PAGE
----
Memoriam Brian Dennehy

Brian DennehyBrian Dennehy, born July 9, 1938, passed away of natural causes at age 81 on April 15, 2020 in Bridgeport, Connecticut.

He was a larger than life actor that didn’t look or sound like an actor, who became one of the greatest actors the USA gifted to the world.  A Broadway star that knew how to lead a company brilliantly.

Primarily known as a dramatic character actor, known for his broad frame, booming voice and ability to play both good and bad guys, he was equally a force on stage and screen. In a busy career that spanned over 4 decades, Brian Dennehy’s towering presence made him one of the most iconic thespians of our time.

Following high school graduation he attended Columbia University, on a football scholarship. He left Columbia in 1959, but his acting career was postponed by a five-year stint in the U.S. Marine Corps. After his military service, Brian held a number of other jobs, working at various times as a waiter, a bartender, a truck driver, and a motel clerk. He was nearly 40 years old by the time he broke into TV and movies.

In 1977 he appeared on a number of TV series, including Kojak, M*A*S*H, and Lou Grant. In 1981 he had a recurring role on the nighttime soap opera Dynasty, and he later appeared on Miami Vice, Just Shoot Me!, 30 Rock, Rules of Engagement, The Fighting Fitzgeralds, Fail Safe, Public Morals and To Catch a Killer, in which he portrayed serial killer John Wayne Gacy.

In 1977 Dennehy made his big-screen debut, appearing in Looking for Mr. Goodbar and in the football comedy Semi-Tough. His film career took off soon after, with a number of small parts in the late 1970s followed by larger roles, such as the sheriff in First Blood (1982), the earliest of the Rambo movies, which starred Sylvester Stallone. Playing both villains and heroes, his film work included Gorky Park (1983), Silverado (1985), Cocoon (1985), F/X (1986), Legal Eagles (1986), Presumed Innocent (1990), Ratatouille (2007), Righteous Kill (2008), Alleged (2010), Knight of Cups (2015), The Seagull, Tag, Driveways (2019) and his final movie Son of the South (2020).

Although his work on screen brought him international success, he was most at home on stage, on Broadway or his beloved Chicago with Bob Falls, the pepper to his salt in long-time collaboration. Brian acted in a number of theatre productions, among them RAT IN THE SKULL (1985), GALILEO (1986), THE CHERRY ORCHARD (1988), THE ICEMAN COMETH (1990–91), TRANSLATIONS (1995), and A TOUCH OF THE POET (1996).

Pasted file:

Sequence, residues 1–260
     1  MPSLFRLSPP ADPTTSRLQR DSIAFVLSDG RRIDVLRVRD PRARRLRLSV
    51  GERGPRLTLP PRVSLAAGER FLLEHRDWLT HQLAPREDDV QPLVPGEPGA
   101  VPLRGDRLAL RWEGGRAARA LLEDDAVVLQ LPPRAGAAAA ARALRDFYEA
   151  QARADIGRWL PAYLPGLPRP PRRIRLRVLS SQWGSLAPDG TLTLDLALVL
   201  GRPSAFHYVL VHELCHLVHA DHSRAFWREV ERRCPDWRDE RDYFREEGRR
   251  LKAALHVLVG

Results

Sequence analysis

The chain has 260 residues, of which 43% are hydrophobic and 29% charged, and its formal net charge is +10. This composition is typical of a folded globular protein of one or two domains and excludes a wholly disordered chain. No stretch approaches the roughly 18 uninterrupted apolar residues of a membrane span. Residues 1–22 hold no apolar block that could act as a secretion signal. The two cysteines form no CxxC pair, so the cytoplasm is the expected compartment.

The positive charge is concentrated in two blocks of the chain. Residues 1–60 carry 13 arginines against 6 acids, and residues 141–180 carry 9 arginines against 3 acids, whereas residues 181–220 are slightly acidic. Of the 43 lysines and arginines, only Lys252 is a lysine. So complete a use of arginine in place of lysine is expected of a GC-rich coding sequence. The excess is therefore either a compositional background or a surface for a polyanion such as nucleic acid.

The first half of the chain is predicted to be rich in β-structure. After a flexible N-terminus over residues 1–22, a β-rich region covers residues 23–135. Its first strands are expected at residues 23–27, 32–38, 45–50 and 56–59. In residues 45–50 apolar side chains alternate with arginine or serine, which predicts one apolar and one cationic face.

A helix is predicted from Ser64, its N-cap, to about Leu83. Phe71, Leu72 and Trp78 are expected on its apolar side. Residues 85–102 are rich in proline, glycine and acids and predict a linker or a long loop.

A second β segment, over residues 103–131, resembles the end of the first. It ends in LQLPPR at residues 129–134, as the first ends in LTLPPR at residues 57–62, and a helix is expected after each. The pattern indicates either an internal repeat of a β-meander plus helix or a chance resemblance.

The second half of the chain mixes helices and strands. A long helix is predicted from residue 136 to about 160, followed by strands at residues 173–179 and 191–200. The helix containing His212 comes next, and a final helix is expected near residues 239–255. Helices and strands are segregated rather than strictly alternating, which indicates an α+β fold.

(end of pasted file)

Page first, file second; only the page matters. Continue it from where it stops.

I had the joy of working with him as he took on the lead role in our 50th-anniversary Broadway revival of Arthur Miller’s DEATH OF A SALESMAN, which earned Brian a Tony Award in 1999 and a Golden Globe in 2000; He reprised his role in DEATH OF A SALESMAN on London’s West End. Brian won another Tony in 2003 for his Broadway turn as James Tyrone in our production of Eugene O’Neill’s LONG DAY’S JOURNEY INTO NIGHT. The productions established recognition for Brian as one of our finest stage actors.

He portrayed Sir Toby Belch in a musical adaptation of William Shakespeare’s TWELFTH NIGHT for the Stratford Shakespeare Festival (2011); a film of the production was released in 2012. In 2014 he starred opposite Mia Farrow (and later Carol Burnett) in a Broadway revival of LOVE LETTERS. He was inducted into the American Theater Hall of Fame in 2015.

Often famously cynical yet with a good sense of humor, he was also a generous man, that dearly loved his family including his second wife Jennifer Arnott, 3 daughters from his first marriage to Judith Scheff (Elizabeth, Kathleen and Deirdre), and with Jennifer Arnott (son Cormac and daughter Sarah).

USA NYC Theatre Guild Building with TobyI also was his look-a-like / body double, particularly in my 47th Street & Broadway / Theatre Guild office days with my own building doorman, after many years seeing me daily with the company I founded spread over 2 floors, apparently always thought I was Brian, and wished me good luck on the Death of a Salesman opening night as I headed to the opening in my tuxedo. This was very useful in the West End of London where I would be offered free drinks in the pubs nearby the theatre.  I likely could have walked on stage to accept his awards at many a venue, and nobody would be the wiser (until my accent would give me away) and Brian may have liked me doing that for him.

The world mourns the loss, but celebrates the memories and legacy of this amazing man, fortunately, captured on film.

Toby Awards Trophy Brian Dennehytoby awards
In 2005, Brian Dennehy was the recipient of a Toby Award.

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happy memories

Long Days Journey Into Night on Broadway

James Tyrone in Long Day’s Journey into Night on Broadway

Death Of A Salesman London

Willy Loman in Death of a Salesman in London

Death Of A Salesman on Broadway

Willy Loman in Death of a Salesman on Broadway

Brian Dennehy on IMDB

Brian Dennehy, you’ve earned a good rest in peace.